By Nikita Stewart
Washington Post Staff Writer
Wednesday, September 19, 2007
The D.C. Council voted 12 to 1 yesterday to approve legislation that would require payday loan stores to charge the same annual percentage rate as banks and credit unions, a limit that the payday lending industry says will put them out of business in the city.
The council was not swayed by the industry's fervent lobbying during the past month or the cautionary words yesterday of council member Marion Barry (D-Ward 8), an original co-sponsor of the legislation. Barry warned that some residents would have nowhere else to go for emergency loans.
Yesterday's vote had been expected after a majority of the council voted in July to give preliminary approval to the bill, but the industry launched a hard-hitting advertising and lobbying campaign last month to try to persuade the council to reverse its position.
Council member Mary M. Cheh (D-Ward 3), who co-sponsored the bill with Barry, continued to condemn the current practices of payday lending, which have been criticized for creating a cycle of debt for customers.
"Less than 1 percent of the borrowers are able to pay it back or pay it back in two weeks," she said. "They don't provide short-term loans. They create long-term debt, and that's the whole point."
Under the legislation, payday lenders would have to adhere to a 24 percent cap on the annual percentage rate charged on a loan. With a two-week loan, the rate adds up to about 92 cents per $100 -- a stark contrast to the $16.11 fee per $100, plus additional fees and interest, permitted by current District law. Payday lenders say that 92 cents is not enough for them to continue to operate. There are 48 stores in the District.
"If they can't follow the model and live within the cap, then they should go out of business," Cheh said.
Before it becomes law, the measure must be signed by Mayor Adrian M. Fenty (D), who supports the measure, a Fenty representative said.
The Center for Responsible Lending, a national group that promotes fair lending practices, saw the council vote as another win in a national battle aimed at reducing fees for payday loans, said Jillian Aldebron, policy counsel for the group. The next target is Ohio, she said.
Willie Green, senior adviser of community and minority affairs for the Community Financial Services Association, which represents payday lenders, said that time will eventually show the council made a mistake. Payday lenders from other countries will offer unregulated loans through the Internet, Green said. Council members "will understand that reform is better than prohibition," he said. "This is prohibition."
The association was seeking a reform package that included establishing an extended payment plan for customers and limiting the number of times they could extend their loans.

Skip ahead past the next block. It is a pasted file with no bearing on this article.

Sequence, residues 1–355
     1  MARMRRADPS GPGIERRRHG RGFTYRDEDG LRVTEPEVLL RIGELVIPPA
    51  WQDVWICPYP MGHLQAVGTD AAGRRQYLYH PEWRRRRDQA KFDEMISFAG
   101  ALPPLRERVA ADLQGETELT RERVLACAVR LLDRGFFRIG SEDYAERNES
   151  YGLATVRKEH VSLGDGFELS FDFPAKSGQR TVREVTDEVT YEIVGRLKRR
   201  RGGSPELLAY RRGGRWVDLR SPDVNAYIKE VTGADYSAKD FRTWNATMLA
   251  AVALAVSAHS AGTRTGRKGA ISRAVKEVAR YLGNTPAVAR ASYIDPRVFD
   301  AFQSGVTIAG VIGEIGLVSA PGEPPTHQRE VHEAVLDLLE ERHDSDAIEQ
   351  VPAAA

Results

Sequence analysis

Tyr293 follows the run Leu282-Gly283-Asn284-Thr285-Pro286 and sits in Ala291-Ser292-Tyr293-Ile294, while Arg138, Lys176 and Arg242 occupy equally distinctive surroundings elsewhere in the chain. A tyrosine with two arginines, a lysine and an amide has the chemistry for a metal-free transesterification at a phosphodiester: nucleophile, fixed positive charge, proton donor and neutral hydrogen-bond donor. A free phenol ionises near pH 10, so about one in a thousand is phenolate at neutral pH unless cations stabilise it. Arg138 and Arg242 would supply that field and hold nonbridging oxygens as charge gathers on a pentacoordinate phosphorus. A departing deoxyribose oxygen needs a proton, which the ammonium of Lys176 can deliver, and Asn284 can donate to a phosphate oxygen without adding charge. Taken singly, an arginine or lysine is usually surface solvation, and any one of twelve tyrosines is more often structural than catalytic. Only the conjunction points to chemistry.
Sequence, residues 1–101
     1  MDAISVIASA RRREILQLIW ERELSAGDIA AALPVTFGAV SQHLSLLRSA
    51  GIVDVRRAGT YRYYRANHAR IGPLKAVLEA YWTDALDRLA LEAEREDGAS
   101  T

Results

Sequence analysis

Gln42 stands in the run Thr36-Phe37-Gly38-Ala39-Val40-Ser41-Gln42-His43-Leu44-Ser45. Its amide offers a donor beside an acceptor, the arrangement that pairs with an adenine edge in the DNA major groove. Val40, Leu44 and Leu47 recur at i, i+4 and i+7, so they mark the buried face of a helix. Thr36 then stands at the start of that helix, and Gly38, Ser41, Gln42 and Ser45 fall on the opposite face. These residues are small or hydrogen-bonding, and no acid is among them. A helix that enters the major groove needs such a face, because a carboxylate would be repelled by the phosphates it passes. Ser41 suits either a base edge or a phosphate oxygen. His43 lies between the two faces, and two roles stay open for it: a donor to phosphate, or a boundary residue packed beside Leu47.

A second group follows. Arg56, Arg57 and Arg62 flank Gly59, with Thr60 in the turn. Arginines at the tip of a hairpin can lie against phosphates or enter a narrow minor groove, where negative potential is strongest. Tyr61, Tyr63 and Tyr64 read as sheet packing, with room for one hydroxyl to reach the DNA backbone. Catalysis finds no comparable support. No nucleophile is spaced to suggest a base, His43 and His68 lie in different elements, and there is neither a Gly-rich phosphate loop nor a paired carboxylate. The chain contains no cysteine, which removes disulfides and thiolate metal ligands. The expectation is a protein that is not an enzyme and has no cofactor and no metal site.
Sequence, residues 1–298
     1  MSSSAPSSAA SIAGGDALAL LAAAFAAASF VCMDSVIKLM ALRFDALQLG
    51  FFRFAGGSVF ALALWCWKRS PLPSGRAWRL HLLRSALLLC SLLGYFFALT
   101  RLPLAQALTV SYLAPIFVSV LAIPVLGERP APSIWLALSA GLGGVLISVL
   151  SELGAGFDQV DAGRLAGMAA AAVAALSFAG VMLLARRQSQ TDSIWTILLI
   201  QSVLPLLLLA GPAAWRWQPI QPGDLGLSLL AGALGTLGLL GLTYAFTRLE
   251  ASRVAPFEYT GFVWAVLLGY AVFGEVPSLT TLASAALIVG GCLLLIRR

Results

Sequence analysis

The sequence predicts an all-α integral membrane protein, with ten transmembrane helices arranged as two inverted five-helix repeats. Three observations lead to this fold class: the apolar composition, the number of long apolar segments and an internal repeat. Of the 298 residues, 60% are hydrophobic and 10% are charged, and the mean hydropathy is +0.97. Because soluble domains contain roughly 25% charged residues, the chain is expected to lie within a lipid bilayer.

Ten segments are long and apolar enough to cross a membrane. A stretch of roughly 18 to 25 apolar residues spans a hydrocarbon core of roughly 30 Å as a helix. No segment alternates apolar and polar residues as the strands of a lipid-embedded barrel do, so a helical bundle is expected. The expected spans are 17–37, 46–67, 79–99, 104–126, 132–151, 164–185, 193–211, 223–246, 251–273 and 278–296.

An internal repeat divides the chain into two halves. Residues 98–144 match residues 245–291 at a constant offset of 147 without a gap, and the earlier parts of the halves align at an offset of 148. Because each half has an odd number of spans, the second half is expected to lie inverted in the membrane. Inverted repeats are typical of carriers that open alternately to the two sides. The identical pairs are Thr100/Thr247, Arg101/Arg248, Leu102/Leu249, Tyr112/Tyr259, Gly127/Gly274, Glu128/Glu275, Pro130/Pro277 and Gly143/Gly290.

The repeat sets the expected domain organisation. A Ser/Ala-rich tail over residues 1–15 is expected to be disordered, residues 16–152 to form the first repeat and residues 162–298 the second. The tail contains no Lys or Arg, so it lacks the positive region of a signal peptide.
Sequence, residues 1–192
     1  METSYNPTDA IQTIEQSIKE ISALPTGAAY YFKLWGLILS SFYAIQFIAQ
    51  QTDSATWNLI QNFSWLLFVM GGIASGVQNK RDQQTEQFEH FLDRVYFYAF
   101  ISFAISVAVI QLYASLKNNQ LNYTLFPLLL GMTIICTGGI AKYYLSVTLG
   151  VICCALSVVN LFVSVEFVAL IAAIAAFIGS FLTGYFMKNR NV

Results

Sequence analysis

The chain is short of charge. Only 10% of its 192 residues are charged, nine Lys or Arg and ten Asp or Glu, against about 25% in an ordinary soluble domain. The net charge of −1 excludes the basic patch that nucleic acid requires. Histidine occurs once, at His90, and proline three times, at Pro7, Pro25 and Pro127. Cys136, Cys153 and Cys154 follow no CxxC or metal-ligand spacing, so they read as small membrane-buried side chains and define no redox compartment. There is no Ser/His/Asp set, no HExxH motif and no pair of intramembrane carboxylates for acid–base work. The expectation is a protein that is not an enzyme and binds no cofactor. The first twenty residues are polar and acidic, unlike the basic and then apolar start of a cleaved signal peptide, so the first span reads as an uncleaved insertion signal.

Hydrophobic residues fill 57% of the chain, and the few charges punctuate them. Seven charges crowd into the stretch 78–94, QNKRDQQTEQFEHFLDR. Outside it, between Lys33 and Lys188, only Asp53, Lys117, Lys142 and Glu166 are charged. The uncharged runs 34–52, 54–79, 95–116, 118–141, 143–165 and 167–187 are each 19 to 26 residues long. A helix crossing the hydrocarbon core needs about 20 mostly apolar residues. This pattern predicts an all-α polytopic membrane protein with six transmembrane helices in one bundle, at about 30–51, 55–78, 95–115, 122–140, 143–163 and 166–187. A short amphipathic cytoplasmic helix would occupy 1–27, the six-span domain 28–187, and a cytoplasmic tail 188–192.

In the past week, the Center for Responsible Lending and its supporters have gone head-to-head with payday lenders. The center held a news conference with three former employees of Check 'n Go, a payday lender, about the industry's business practices.
Yesterday, Check 'n Go filed a lawsuit against Micheal Donovan, a former district director of operations who publicly criticized the industry's fees, for breach of a confidentiality agreement, breach of fiduciary duty and other counts. He was served with the lawsuit as he stood outside the council chambers.
Donovan said he thinks that the industry takes advantage of low-income and working-class people who might not be able to secure bank loans.
During yesterday's legislative meeting, the first since the council's summer recess, Empower D.C., a grass-roots organization that advocates for low-income and working-class residents, staged a protest to bring attention to the sale of city property, such as the West End Library.
The council approved emergency legislation in July to sell the neighborhood library and surrounding city-owned land to Eastbanc Inc., a private developer that plans to build a library, stores and condominiums that will include affordable units.
Residents have complained that they were not properly informed of the pending sale. Parisa Norouzi, co-director of Empower D.C. and the organizer of the protest, said residents are being left out of important development decisions.
During the meeting, a half-dozen people popped up in the audience, made statements and were quickly escorted out of the chambers. "Public property is not for sale!" the protesters yelled at one point.